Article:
“Marvell is committed to improving education–and the human condition-around the world through innovative technology for Smartphones, tablets and a myriad of new cloud-delivered services. Partnering with One Laptop Per Child is one way we can deliver a revolution where it matters most-to benefit children in some of the poorest places on the planet,” said Tom Hayes, Vice President of Corporate Marketing at Marvell, and a member of the OLPC advisory board. “Marvell has been with One Laptop per Child from the start, and we’re doing whatever it takes to help the organization realize its mission of providing meaningful educational opportunities to the 500 million school-aged children around the world.”

Marvell and One Laptop per Child also announced today that the XO -1.75 laptop will begin shipping to customers in March 2012. Over 75,000 units of the XO 1.75 have already been ordered by OLPC projects in Uruguay and Nicaragua. Both models use the Marvell ARMADA PXA618 SOC processor, which doubles the performance of the earlier XO 1 while using only half the power. The XO 1.75 features a sunlight-readable screen, and all other features and design characteristics of the two previous versions of the XO laptop.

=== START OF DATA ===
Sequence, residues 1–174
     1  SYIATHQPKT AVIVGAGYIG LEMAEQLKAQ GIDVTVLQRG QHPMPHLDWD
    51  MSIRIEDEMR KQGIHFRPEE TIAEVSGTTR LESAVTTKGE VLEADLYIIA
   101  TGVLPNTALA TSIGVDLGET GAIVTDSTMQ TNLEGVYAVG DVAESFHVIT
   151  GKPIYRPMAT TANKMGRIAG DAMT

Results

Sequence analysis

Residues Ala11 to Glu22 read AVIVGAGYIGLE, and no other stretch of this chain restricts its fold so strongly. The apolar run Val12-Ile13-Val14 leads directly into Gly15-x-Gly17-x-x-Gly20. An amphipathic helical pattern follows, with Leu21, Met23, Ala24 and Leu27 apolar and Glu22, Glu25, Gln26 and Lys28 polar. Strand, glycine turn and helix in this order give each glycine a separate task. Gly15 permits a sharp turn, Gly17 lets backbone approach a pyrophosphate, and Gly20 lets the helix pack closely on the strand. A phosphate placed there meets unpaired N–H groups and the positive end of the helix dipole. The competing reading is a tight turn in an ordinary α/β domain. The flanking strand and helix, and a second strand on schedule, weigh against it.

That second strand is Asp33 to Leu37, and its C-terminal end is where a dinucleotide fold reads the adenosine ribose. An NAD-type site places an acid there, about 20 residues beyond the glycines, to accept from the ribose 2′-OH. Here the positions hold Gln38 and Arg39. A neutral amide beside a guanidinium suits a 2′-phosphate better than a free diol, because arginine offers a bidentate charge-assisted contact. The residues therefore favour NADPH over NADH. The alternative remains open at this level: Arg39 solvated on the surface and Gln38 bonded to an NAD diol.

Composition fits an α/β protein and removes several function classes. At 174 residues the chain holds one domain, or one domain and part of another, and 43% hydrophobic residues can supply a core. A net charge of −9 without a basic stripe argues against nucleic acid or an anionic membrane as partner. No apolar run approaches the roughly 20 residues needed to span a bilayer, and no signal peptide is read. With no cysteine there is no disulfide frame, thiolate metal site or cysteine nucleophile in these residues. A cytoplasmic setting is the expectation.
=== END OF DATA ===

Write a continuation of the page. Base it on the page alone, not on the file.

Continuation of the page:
The XO 3.0 tablet will also feature the Avastar Wi-Fi system-on-chip.
It is also the only tablet that can be charged directly by solar panels, hand cranks and other alternative power sources

Other features include:

• Updated Pixel Qi sunlight-readable display
• Choice of Android or Linux operating systems
• Unique charging circuitry to support alternate power sources
• Choice of laptop covers, including one with built-in solar panel

XO-1.75 this summer: lower power, hopefully lower cost

The XO-1.75 prototypes are currently under development, and the laptops will enter mass production this summer. Some touchscreen prototypes are being made as well, but the primary model will not have touch. Thanks to Armada 610 ARM processors and improved Pixel Qi screens, the 1.75 will draw roughly half the power of the 1.5, while keeping roughly the same form factor and most of the existing industrial design.

These will be our first models with ARM chips, which we plan to use in our tablet designs later this year. The 1.75 should be roughly $20 cheaper to manufacture, than the 1.5, but the real drop in cost will come for rural deployments, as a result of the lessened power requirements. Not quite in the human-powerable range yet, but getting there.